AEG submits stadium impact report
LOS ANGELES -- In another step that could potentially pave the way for the NFL to return to Los Angeles as early as next year, Anschutz Entertainment Group delivered its long-awaited environmental impact report to City Hall on Thursday for its $1.4 billion proposed football stadium in downtown Los Angeles.
AEG president and CEO Tim Leiweke presented the 10,000-page report, which took 18 months to complete at a cost of $27 million, along with members of local construction and trade unions and called it a significant step in bringing the NFL back to Los Angeles for the first time since 1994.
There should be no more reason, no more excuse and no more delay on why we can't bring football back to Los Angeles. For once and for all after going through 17 years and losing two teams in one year, we now have a will and a way and the economic wherewithal to bring the NFL back to Los Angeles early next year.” -- AEG president and CEO Tim Leiweke
"We are here today to continue the push to bring the NFL back to Los Angeles," Leiweke said. "We are aware this is not the end of the process but in terms of football, we are now in the offensive zone, not the defensive zone."
The EIR will be subject to public comment for 45 days after it is released and if city officials approve the EIR and the project, there will then be a 30-day window for legal challenges, which will be resolved within 175 days.
If everything goes according to plan, Farmers Field would be in position to begin construction by March 2013, similar to a competing stadium proposed by real estate magnate Ed Roski in the City of Industry, which has been ready to push dirt since 2009. Both stadiums, however, need a long-term commitment from a team before construction can begin. And whenever construction does begin, Leiweke said it will be about four years until the stadium is finished.
"No one is going to push dirt until they know they have a team," Leiweke said. "If we have a full environmental impact report approved by the end of this year, we're in the same place the City of Industry is. The difference is we have a set of design drawings we've taken a risk on so we'd be a little further ahead there.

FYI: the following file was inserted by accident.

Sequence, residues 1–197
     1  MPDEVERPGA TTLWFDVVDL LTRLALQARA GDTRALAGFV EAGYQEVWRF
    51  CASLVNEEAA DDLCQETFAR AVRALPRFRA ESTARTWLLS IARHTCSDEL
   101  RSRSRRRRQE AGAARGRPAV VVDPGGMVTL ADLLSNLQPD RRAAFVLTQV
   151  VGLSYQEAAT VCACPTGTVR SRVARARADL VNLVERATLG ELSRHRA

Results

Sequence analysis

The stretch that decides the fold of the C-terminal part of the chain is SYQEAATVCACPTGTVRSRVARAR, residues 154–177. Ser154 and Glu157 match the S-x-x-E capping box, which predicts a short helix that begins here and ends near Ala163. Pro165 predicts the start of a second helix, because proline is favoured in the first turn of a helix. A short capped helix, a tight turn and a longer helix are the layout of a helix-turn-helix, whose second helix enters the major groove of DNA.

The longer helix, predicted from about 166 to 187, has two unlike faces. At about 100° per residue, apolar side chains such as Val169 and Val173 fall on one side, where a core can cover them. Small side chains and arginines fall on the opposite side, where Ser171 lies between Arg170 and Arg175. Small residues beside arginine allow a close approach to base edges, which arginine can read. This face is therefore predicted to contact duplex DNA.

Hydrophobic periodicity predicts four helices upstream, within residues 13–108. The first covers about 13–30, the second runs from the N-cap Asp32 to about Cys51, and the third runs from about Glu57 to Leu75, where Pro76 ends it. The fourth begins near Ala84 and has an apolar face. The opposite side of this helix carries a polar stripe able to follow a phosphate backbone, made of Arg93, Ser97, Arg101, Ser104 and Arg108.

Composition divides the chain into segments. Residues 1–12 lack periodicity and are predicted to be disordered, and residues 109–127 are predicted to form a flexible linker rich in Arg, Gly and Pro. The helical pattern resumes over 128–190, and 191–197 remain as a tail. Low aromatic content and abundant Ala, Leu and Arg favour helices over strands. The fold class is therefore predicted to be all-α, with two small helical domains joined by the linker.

"In the best-case scenario, no matter which site you look at, if you move a team next March and you go to design drawings and pushing dirt, figure that it's probably about a four-year process to build the stadium. So I think the earliest any of us could be in a new stadium is 2017. Maybe there is a way financially to get that going a little quicker but I doubt it."
If construction begins in March 2013, the earliest the stadium would be open is September 2017. In the meantime, the NFL team that relocates to Los Angeles would play in either the L.A. Coliseum or the Rose Bowl.
The plan is to first tear down the West Hall of the Los Angeles Convention and build a $275 million replacement hall over Pico Boulevard that would connect to Farmers Field. Construction would then begin on the 68,000-seat football stadium that would be expandable to 78,000 seats for big events like the Super Bowl and Final Four and also be in position to bid on international events like the World Cup and Olympics.
"There should be no more reason, no more excuse and no more delay on why we can't bring football back to Los Angeles," Leiweke said. "For once and for all after going through 17 years and losing two teams in one year, we now have a will and a way and the economic wherewithal to bring the NFL back to Los Angeles early next year."
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